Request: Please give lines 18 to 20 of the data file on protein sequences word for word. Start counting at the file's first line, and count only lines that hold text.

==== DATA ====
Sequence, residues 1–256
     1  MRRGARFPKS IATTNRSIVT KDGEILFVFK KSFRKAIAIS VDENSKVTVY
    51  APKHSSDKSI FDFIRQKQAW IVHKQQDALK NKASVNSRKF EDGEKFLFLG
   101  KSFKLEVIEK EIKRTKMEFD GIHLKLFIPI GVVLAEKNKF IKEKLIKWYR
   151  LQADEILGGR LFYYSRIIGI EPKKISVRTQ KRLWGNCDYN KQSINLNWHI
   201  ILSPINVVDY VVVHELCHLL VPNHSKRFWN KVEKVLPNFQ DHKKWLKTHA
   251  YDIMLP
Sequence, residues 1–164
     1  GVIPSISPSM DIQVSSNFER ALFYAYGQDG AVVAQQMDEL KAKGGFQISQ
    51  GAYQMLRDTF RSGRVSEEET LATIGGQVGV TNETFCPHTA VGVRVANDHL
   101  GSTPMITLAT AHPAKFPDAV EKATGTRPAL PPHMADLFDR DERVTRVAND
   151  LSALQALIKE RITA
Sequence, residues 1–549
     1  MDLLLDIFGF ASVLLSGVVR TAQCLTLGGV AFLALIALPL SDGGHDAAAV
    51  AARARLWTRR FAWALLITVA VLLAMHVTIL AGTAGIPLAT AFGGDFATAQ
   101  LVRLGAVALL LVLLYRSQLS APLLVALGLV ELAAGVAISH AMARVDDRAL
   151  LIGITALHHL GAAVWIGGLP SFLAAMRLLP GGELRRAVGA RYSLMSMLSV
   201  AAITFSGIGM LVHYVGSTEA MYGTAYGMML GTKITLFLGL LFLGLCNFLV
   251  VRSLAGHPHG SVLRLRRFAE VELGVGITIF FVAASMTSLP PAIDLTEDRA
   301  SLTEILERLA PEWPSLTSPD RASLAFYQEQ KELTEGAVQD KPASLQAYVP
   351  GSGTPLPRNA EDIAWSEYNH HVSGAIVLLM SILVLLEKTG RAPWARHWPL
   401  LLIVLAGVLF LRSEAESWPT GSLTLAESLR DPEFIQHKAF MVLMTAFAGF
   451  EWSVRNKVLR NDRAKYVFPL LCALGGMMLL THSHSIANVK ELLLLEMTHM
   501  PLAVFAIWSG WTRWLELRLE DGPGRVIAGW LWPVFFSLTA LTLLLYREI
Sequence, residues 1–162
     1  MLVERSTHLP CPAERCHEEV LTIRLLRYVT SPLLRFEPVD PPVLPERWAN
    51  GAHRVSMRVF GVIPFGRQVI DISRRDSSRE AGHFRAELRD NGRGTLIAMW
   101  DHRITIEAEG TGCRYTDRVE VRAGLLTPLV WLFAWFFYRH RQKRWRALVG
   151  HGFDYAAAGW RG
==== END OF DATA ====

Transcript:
   201  AAITFSGIGM LVHYVGSTEA MYGTAYGMML GTKITLFLGL LFLGLCNFLV
   251  VRSLAGHPHG SVLRLRRFAE VELGVGITIF FVAASMTSLP PAIDLTEDRA
   301  SLTEILERLA PEWPSLTSPD RASLAFYQEQ KELTEGAVQD KPASLQAYVP